Sir John Key has praised National MP Nick Smith for his career after Smith announced he was resigning from Parliament, revealing a complaint against him for a "verbal altercation" with a staffer.
In a statement, Smith said he would leave Parliament on June 10, and revealed Parliamentary Service was investigating "a verbal altercation in my Wellington office last July that has not concluded".
"I was advised on Friday that the inquiry and its details have been leaked to the media for release tomorrow. It is inappropriate for employment disputes to be litigated in public.
"I will put on the record that I regret the incident, I apologised at the time and I apologise again today.
"I have decided the best course of action for the parties involved, the National Party, my family and myself is to retire now."
It is understood the altercation was with a young staff member who had worked there for less than a year prior to the incident.
It followed Parliament's review into bullying and harassment in the workplace – the Francis Review – which was completed in 2019 and led to Parliament adopting a code of conduct for MPs and Parliamentary managers and staffers.
Smith said he had decided to retire after losing the Nelson electorate in 2020, but that inquiry had prompted him to leave now.
It brings an end to Smith's 30-year parliamentary career - a stint in which he was a Cabinet minister under Jim Bolger, Dame Jenny Shipley and Sir John Key, including Education Minister, Building and Construction Minister and Conservation Minister.
He was also briefly deputy leader of the National Party in late 2003.
Sir John Key said while Smith himself would acknowledge the "ups and downs" in his political career, he was one of the hardest working MPs Key had known.
"In my time as leader, few worked as hard and with as much passion as Nick. We all have faults, and Nick would acknowledge his political career has at times had its ups and downs but if the test of a good MP is one that makes a difference and leaves a lasting legacy, then he passed with flying colours."
Smith said he intended to rejoin his family's crane and construction businesses in New Zealand, Australia and in the Pacific.
The next candidate on National's list to enter Parliament is Harete Hipango.
Hipango has confirmed to the Herald that she will take up the opportunity to return to Parliament to replace Smith.
Former MP Hipango said she would take up the chance to return to Parliament, as the next person on National's list.
She said it was not for her to comment on the reasons for Smith's departure. "My focus is just readying myself for duty."
That will mean National has three Māori MPs – deputy leader Shane Reti, Simon Bridges and Hipango.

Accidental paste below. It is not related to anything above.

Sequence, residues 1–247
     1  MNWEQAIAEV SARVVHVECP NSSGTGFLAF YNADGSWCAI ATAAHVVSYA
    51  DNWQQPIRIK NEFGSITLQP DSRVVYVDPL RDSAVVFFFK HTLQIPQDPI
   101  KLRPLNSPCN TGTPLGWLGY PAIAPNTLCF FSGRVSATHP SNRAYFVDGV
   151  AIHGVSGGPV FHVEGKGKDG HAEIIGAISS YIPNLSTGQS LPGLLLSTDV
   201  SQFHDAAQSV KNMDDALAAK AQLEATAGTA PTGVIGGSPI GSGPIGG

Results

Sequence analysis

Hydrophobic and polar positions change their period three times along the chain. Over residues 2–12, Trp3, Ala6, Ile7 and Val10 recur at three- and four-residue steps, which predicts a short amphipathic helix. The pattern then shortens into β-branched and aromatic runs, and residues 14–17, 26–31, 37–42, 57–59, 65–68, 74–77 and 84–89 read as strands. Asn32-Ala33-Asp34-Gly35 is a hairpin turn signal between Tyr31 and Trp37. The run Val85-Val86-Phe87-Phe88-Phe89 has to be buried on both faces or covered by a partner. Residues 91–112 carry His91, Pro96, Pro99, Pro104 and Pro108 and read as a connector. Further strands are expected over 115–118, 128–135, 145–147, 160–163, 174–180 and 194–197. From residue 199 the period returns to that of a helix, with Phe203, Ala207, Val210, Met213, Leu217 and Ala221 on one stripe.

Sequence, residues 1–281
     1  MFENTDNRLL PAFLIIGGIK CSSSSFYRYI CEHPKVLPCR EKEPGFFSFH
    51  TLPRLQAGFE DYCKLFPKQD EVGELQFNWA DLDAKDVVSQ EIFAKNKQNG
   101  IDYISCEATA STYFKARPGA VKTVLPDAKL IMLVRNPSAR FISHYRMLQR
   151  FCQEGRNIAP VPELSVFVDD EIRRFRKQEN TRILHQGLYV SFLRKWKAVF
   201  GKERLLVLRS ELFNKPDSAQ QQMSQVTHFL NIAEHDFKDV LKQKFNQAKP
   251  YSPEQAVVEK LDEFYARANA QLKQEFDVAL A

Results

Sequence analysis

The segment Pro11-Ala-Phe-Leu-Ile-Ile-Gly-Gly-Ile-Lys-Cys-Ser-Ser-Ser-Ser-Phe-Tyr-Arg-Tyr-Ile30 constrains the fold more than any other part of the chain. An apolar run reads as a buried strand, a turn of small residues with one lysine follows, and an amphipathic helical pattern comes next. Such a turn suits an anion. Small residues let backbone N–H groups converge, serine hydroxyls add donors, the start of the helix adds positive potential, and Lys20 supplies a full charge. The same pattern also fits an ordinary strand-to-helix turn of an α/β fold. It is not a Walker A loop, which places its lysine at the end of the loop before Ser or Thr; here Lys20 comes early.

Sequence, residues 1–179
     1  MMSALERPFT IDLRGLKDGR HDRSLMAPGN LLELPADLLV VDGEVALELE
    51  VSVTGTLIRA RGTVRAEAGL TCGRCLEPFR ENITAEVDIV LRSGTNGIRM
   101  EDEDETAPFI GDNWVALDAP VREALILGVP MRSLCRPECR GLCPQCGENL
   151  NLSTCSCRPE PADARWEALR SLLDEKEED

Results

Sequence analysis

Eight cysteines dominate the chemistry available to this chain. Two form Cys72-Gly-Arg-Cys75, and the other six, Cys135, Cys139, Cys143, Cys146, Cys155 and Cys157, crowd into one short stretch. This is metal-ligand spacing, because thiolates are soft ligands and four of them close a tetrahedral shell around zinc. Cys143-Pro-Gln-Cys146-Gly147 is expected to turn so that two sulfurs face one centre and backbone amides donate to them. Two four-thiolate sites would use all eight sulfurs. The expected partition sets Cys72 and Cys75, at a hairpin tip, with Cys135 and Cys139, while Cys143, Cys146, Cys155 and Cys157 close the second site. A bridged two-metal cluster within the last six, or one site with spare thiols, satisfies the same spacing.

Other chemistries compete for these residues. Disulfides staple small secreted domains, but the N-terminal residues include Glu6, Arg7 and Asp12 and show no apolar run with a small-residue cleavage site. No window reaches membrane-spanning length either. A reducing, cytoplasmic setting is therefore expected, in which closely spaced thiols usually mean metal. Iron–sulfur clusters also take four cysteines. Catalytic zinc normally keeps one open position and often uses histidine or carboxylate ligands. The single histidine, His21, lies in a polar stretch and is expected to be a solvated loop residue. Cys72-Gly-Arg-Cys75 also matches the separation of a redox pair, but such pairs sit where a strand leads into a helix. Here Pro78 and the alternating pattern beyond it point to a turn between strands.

Asked if she was comfortable with Collins raising issues such as the He Puapua report, the Māori Health Authority and claims the Government had a "separatism by stealth" agenda, Hipango said she did not wish to comment on that.
She said she had not read the He Puapua report, but she was aware it was aimed at fulfilling the UN Declaration on the Rights of Indigenous Peoples.
"I think it's fair to say I will be articulating and expressing a view within caucus and amongst my colleagues on some of these issues. I will bring a voice – sometimes the voice can just get a little bit drowned. Democracy is about the numbers, but at least I will be voicing it. And it's about the relevancy of the National Party to Aotearoa New Zealand."
Hipango, who was a lawyer prior to becoming an MP, said she had made the decision not to go back into practice and had not worked since leaving almost a year ago, and that had been difficult.
Collins thanked Smith for his "30 years of service to New Zealand".
"Nick has been a dedicated MP to Nelson, and the wider New Zealand public, for three decades. I would like to acknowledge his career and to wish him all the best for the future."
Collins described the veteran as a "hardworking and extremely competent minister" in the fourth and fifth National governments.
"As there is an ongoing investigation into an employment dispute, it would be inappropriate to comment further on that matter," Collins said.
A spokesperson for Parliamentary Service said only that it did not comment on employment matters when asked if it was checking to make sure the leak did not come from within the agency.
Smith was the last of National's so-called "brat pack" MPs from the 1990 intake, along with Bill English, Tony Ryall, and Roger Sowry. The four are still close friends.